Including USAF-directed ground and air search and rescue, as well as missions for Homeland Security, Federal Emergency Management Agency (FEMA) and Office of Emergency Management (OEM). CAP performs disaster relief (Hurricane Katrina, the Gulf oil spill, Hurricane Sandy), aerial security support (2002 Winter Olympics, Superbowl 49), counter drug operations at the request of government or law enforcement agencies, and missions for the American Red Cross transporting medical personnel and supplies, blood and live tissue. On Sept. 12, 2001 a CAP Cessna was one of the few aircraft aloft (after 911) in all of America. The CAP flight provided the first direct aerial photographs of the disaster site at the World Trade Center. New York State’s OEM superimposed street grids over CAP’s better-quality photographs so emergency workers on the ground, working in a desolated and convoluted landscape, could understand where they were standing. The photos also were sent to the White House and Pentagon for further analysis. This was only one of the missions for CAP in the ensuing days.
The mission of this program is to develop young men and women (ages 12-18/21) into the leaders of tomorrow by providing training in leadership, aerospace, emergency services, communications, fitness, public speaking, planning, writing, ethics, drill and color guard, and character development. The cadet program is largely run by the cadets and offers opportunities to compete for college and aviation scholarships. A cadet also typically logs over 60 hours a year in service to his/her community.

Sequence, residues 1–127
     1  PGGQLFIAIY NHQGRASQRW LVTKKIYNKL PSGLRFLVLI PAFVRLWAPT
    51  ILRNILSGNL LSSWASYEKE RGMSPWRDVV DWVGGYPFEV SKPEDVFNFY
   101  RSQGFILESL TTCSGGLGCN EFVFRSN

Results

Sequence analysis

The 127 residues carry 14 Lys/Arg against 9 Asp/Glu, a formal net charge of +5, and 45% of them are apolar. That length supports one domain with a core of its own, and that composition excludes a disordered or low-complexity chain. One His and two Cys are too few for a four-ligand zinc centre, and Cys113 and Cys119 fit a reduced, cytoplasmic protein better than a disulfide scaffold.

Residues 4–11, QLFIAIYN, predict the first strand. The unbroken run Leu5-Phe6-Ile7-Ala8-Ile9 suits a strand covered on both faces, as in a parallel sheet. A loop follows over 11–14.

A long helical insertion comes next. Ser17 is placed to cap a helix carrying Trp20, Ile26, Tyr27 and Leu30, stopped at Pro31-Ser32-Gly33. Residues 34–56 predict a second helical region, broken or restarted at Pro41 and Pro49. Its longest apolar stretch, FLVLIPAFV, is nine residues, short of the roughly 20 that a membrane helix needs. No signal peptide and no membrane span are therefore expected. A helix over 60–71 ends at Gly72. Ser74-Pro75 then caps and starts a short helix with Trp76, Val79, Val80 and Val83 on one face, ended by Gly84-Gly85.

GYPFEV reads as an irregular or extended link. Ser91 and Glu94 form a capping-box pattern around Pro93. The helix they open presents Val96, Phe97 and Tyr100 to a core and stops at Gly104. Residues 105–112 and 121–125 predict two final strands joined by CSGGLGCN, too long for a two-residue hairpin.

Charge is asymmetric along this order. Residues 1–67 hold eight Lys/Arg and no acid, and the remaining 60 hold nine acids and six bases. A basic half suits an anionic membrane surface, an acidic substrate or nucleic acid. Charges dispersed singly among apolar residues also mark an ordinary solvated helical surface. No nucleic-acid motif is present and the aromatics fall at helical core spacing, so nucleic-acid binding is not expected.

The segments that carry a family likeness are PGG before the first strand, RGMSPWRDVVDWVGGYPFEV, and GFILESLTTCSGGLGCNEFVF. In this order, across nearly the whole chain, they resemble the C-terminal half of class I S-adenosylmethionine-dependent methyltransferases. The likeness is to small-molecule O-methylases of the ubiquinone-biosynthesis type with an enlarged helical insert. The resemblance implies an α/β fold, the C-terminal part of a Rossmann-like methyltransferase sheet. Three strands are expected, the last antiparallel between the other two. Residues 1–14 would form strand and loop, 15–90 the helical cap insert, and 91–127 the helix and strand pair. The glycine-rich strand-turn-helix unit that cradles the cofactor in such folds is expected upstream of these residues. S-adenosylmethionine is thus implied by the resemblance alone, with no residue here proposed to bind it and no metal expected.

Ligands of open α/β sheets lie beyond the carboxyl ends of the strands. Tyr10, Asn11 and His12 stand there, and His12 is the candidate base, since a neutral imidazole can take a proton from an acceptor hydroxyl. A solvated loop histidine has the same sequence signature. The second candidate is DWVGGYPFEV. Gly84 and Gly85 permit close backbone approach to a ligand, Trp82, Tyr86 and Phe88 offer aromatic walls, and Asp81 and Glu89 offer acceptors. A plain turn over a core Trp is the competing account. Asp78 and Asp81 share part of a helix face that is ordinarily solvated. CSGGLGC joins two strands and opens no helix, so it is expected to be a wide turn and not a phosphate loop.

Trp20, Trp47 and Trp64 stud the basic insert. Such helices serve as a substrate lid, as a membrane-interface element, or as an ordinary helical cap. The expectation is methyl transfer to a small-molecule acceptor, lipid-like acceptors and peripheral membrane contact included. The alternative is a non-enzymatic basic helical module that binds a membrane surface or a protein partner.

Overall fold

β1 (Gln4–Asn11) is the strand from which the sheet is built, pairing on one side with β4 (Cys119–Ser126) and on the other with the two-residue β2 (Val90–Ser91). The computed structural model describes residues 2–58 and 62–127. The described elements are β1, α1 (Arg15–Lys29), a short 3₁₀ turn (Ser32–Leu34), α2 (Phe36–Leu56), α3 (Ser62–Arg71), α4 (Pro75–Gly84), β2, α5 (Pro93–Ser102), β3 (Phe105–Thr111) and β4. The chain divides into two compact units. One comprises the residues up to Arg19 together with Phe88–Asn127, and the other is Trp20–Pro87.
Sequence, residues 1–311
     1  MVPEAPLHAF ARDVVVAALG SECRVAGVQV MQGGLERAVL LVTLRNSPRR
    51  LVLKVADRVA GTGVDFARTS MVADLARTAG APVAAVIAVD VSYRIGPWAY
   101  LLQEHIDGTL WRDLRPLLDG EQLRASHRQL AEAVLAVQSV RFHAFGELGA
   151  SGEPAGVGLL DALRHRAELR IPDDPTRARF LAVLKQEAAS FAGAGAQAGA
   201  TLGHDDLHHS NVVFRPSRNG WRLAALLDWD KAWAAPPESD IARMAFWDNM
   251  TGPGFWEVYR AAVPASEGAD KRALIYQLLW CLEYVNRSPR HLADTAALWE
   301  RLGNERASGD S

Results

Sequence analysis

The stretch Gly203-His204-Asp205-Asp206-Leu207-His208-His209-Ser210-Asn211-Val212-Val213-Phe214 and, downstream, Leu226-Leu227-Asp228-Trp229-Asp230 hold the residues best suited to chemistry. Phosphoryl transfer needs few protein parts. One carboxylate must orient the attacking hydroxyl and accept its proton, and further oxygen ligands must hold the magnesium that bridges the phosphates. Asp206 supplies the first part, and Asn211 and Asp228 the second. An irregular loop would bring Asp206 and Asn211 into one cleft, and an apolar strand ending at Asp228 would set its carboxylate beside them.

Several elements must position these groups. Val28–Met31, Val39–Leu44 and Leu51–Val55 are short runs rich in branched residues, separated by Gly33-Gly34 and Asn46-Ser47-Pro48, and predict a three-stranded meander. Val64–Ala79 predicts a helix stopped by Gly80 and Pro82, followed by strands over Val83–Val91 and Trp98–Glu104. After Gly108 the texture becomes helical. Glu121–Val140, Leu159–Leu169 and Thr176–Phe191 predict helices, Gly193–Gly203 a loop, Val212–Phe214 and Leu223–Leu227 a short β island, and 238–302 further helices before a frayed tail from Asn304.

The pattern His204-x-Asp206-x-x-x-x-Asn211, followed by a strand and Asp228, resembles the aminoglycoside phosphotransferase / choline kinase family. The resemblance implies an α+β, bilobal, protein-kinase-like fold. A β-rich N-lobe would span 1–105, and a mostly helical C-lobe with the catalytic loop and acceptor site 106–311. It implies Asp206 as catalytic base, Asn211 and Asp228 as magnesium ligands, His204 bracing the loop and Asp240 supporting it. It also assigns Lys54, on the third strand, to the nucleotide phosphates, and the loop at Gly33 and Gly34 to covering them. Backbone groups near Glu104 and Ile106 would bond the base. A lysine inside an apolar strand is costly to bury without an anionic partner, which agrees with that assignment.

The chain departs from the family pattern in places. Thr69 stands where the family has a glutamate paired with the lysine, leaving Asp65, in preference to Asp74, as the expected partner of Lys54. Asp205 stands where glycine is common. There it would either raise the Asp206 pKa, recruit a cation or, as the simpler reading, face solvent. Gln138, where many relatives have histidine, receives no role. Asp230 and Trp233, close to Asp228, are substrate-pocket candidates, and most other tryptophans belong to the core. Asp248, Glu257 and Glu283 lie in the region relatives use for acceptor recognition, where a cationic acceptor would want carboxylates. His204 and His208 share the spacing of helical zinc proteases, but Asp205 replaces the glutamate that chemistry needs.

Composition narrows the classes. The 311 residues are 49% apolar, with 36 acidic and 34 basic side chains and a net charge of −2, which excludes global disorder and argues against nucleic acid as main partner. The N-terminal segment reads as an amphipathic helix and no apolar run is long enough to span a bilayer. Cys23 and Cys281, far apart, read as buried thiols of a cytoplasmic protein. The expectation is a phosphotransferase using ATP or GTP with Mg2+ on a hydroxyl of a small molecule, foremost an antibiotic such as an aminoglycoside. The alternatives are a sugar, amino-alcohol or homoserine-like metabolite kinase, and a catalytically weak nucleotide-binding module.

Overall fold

The mission of Aerospace Education is to educate, inspire, and instill an appreciation for, and an understanding of, aerospace as it relates to science, technology, engineering, and math (STEM) and prepare today’s youth to meet these challenges and understand its related global issues, especially as it pertains to national security. CAP provides this training to its members and the general public (educators for middle and high schools) through its curriculum, books, and hands-on experience (flying). CAP owns the largest fleet of single-engine aircraft in the nation. CAP pilots fly these planes to perform CAP missions and also to teach cadets how to fly by providing them both powered and glider flights free of charge. Additionally, the cadets receive ground crew instruction, and have the chance to achieve their solo pilot wings by attending flight academies.